management has dimensions beyond classroom presence. District education offices
(DEOs) should undertake not only administrative matters but also responsibilities related
to school effectiveness. The role of DG M&E can be further enhanced towards quality
education by making the student assessment as a regular feature of their monitoring
mobile application.

 “Voice of Teachers” AlifAilaan, 2014.

The quality-related challenges are summarized in Box 2.
                  Box 2. Key challenges related to school quality and learning

     ➢ Low educational achievement of students
           • Low performance in language, mathematics, science (Grades 5 and 8)
           • Teaching methods often teacher-centered, encourage the rote memory
     ➢ Pre-service and in-service training
           • Institutional capacities of STEDA, PITE, DCAR and the teacher training institutes
               require strengthening
           • Need to train and assess practical teaching skills
           • Expansion and support of the CPD model required to meet existing capacity
           • Monitoring of CPD should be introduced to ensure quality
     ➢ Recruitment and deployment of teachers
           • More rationalization for recruitment and deployment needed (female and
               specialist teachers, rural areas)
     ➢ Curriculum and textbooks
           • Curriculum not aligned to reflect priorities of education sector (formal and
           • Textbooks not learner-friendly and lack alignment with curriculum
     ➢ Assessment
           • Teacher training on assessments needed
           • Increased capacities of DCAR/PEACe needed to develop student assessment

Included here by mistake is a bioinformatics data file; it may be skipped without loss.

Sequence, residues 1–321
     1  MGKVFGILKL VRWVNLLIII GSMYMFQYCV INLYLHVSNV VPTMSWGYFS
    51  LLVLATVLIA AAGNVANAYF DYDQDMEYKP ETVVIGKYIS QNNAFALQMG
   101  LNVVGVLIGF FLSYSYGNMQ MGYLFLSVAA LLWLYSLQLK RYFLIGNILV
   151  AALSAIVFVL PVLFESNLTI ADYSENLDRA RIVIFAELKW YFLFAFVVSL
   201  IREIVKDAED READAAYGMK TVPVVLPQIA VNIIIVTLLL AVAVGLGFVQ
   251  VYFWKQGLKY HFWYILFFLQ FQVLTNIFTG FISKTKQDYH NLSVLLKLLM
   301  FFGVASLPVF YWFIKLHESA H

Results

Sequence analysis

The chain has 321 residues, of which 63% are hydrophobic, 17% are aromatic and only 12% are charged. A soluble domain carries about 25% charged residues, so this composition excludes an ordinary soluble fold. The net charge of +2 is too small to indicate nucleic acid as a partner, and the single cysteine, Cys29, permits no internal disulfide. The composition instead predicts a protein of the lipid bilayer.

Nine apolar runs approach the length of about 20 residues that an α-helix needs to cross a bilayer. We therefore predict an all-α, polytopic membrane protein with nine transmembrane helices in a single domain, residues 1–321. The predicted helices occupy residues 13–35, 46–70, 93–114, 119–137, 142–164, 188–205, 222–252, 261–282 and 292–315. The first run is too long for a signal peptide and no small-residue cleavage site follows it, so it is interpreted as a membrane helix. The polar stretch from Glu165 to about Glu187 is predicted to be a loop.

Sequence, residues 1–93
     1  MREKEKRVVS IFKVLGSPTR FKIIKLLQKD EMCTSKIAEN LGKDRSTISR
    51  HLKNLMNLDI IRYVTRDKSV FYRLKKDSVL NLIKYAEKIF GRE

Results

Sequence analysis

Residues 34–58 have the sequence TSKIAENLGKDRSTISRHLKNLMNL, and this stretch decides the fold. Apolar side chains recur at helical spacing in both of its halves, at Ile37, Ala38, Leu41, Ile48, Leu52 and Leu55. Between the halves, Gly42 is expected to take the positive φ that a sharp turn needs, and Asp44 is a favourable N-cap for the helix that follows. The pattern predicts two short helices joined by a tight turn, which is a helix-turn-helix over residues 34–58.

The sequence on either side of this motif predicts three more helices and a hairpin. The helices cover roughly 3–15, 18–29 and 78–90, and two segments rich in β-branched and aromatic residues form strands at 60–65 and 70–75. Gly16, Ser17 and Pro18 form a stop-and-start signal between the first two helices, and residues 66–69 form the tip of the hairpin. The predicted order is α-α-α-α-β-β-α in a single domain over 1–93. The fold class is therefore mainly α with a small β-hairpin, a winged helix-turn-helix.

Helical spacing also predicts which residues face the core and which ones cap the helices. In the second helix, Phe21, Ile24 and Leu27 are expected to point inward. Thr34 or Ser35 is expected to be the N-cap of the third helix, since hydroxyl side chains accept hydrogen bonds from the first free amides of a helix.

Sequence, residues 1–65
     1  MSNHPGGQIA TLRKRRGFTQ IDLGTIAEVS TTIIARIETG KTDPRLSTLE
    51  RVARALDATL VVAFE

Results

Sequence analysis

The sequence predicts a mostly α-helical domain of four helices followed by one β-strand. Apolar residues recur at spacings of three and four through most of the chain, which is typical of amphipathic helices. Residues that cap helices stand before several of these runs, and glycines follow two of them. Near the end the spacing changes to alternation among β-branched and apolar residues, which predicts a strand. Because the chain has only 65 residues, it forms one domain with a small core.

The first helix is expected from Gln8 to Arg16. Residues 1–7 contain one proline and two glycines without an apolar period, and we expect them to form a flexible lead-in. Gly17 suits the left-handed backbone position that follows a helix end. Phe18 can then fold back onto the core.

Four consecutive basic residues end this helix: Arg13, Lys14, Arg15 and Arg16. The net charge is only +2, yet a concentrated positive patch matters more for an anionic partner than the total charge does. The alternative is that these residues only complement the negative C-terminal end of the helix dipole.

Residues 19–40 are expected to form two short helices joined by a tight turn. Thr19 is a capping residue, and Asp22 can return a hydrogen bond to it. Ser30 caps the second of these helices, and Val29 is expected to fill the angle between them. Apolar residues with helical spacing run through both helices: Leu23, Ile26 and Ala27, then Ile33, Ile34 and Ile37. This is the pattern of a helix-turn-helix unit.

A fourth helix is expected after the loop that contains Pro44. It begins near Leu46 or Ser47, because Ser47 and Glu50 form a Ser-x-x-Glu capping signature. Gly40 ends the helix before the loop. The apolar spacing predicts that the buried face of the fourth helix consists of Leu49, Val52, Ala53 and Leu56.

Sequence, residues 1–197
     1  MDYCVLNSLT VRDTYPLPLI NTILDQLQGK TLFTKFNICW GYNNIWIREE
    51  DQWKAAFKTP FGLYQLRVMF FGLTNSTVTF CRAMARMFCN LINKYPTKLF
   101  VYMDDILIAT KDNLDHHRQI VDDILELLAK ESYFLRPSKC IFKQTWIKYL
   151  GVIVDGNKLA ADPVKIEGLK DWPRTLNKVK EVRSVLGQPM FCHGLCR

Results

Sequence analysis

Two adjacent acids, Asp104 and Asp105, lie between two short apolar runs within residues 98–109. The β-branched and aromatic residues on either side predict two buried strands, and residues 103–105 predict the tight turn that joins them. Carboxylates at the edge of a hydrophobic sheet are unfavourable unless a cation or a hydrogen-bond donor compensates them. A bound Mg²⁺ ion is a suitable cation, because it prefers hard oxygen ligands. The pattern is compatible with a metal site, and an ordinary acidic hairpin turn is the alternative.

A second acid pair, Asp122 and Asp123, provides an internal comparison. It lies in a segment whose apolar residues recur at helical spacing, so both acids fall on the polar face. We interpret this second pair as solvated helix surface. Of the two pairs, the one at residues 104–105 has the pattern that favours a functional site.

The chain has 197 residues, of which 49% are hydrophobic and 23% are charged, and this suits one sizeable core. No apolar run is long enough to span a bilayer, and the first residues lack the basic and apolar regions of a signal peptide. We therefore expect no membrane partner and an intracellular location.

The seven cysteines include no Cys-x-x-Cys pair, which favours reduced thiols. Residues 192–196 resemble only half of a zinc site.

• Limited involvement of DEOs in ensuring school effectiveness

2.3 Governance and Management
Despite of taking efforts to bring improvement at the school level through various
initiatives in the SESP 2014-2018, it does not reflect the change at grassroots level partly
due to capacity-related issues at various management levels. The notification of the New
Management Cadre Policy during the SESP 2014-2018 period was a very important step
forward, but challenges related to capacity, delegation of powers, and accountability
systems need to be tackled so that changes at the school level can take place.

Challenges for effectiveness at sub-provincial level include the scale of work (growing
numbers of schools, teachers and students, limited resources), political interference
(particularly related to teacher transfer and posting), lack of professional development
opportunities, and considerable variations between official job descriptions and the
nature of daily work. The centralization of decision making was also reported in the ESA
as a challenge for education officers at sub-provincial levels, given their limited control.